If a court finds that a POA breached its fiduciary duty, the agent may be ordered to pay restitution to the principal for any improper actions. Criminal charges could also apply in cases of theft or fraud.

Making Financial Gifts on the Principal's Behalf Without Express Gifting Powers

As a POA, you may be tempted to make financial gifts on behalf of the principal to family members, friends, or charitable organizations. However, unless the POA document specifically grants you the authority to make gifts, doing so could be considered a breach of your fiduciary duty.

Even if you believe the principal would have wanted to make a particular gift, it's not within your authority to do so unless expressly permitted. Gifting assets without authorization could be seen as misappropriating funds and lead to legal consequences.

Changing Beneficiaries on the Principal's Accounts or Policies Without Authorization

Changing beneficiary designations without the principal's express consent is considered a serious breach of your fiduciary duty. Even if you believe you are making changes in the principal's best interest, you could face liability if you don't have clear authorization.

Before making any changes to beneficiaries, carefully review the POA document to confirm you have the authority to do so. If you're unsure, err on the side of caution and consult with an attorney or the principal directly.

Signing Contracts or Making Business Deals Not Permitted by the POA

signing contracts or making business deals

If the POA is limited in scope and doesn't expressly grant you the power to sign a particular type of contract or make a certain kind of deal, doing so could expose you to liability. The other party to the contract may seek to hold you personally responsible if they relied on your apparent authority as POA.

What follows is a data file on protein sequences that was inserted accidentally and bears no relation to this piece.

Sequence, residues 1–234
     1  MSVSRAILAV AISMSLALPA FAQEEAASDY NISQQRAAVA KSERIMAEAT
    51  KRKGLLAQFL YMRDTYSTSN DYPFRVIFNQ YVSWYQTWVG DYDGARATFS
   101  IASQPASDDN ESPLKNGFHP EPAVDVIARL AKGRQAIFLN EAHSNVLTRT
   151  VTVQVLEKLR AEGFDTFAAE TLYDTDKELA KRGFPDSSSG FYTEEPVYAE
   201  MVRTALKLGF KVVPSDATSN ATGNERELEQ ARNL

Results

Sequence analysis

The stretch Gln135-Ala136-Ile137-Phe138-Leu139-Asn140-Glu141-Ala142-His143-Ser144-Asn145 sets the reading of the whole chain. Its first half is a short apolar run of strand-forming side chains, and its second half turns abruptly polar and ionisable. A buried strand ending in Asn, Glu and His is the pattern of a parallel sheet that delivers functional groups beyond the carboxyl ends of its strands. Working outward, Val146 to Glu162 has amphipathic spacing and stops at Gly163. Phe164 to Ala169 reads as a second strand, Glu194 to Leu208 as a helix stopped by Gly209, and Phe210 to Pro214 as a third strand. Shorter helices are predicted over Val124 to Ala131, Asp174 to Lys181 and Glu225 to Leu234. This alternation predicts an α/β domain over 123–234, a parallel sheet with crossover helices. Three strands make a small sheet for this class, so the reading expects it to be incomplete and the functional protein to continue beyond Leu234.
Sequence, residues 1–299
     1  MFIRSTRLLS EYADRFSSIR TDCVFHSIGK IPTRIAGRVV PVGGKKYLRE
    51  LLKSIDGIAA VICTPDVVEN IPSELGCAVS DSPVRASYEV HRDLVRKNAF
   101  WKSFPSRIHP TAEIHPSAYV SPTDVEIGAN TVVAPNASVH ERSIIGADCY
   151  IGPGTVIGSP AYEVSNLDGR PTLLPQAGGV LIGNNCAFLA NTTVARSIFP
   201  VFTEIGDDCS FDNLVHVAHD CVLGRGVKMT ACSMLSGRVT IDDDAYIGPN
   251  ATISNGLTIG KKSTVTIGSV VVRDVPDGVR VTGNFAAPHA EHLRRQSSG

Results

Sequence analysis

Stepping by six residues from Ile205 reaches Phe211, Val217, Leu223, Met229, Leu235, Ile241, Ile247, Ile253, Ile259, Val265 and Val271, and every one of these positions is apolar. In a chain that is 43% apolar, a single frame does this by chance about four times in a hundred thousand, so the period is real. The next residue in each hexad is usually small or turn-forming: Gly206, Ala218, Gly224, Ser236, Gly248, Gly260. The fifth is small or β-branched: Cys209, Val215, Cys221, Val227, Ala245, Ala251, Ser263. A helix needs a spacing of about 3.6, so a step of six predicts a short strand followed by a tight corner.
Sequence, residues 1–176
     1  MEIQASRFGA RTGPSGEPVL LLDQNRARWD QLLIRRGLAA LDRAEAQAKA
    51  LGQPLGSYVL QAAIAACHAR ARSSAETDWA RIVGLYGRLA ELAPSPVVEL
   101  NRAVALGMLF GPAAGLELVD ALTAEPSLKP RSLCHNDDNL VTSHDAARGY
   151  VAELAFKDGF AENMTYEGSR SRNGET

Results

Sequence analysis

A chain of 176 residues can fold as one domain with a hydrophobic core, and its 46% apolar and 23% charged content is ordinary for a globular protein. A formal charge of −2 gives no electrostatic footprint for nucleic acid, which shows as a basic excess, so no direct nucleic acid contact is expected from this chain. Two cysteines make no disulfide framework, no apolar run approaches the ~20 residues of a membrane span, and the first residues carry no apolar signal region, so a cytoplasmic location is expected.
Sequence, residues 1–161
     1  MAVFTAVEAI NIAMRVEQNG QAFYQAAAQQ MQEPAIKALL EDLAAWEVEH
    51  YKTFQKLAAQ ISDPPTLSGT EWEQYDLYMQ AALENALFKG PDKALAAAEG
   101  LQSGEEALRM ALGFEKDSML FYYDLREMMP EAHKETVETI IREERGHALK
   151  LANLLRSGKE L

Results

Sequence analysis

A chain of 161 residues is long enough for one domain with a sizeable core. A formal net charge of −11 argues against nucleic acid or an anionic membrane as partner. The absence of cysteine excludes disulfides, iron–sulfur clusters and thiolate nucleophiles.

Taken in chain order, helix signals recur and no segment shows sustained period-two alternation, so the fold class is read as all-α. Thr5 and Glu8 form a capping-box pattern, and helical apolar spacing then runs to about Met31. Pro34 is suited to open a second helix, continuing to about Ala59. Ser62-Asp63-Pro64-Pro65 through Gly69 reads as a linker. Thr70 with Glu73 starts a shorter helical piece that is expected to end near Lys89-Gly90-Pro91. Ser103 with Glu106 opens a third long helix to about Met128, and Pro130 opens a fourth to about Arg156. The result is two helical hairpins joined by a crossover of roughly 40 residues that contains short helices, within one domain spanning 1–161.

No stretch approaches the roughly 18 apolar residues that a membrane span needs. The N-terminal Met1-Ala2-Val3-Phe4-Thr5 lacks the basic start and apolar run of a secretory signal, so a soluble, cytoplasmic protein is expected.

Before signing any contracts or making business agreements, thoroughly review the POA document to confirm you have the necessary authority. If there's any ambiguity, seek legal counsel to clarify your powers. And if a particular deal seems outside the scope of the POA, it's best to avoid it altogether.

Using the Principal's Assets to Benefit Someone Other Than the Principal

You breach your fiduciary duty if you use the principal's money or property to enrich yourself, family members, friends, or any other third party. This could be considered self-dealing or misappropriation of funds, which can lead to civil liability and even criminal charges in severe cases.

Examples might include using the principal's money to:

  • Buy gifts or pay personal expenses for yourself or others

  • Make investments that benefit you or your associates rather than the principal

  • Pay off debts owed by family members or friends

  • Make loans to others that put the principal's assets at risk

As a POA, you must keep the principal's assets separate from your own and use them only in ways that directly benefit the principal.

Fraud, Abuse, and Illegal Acts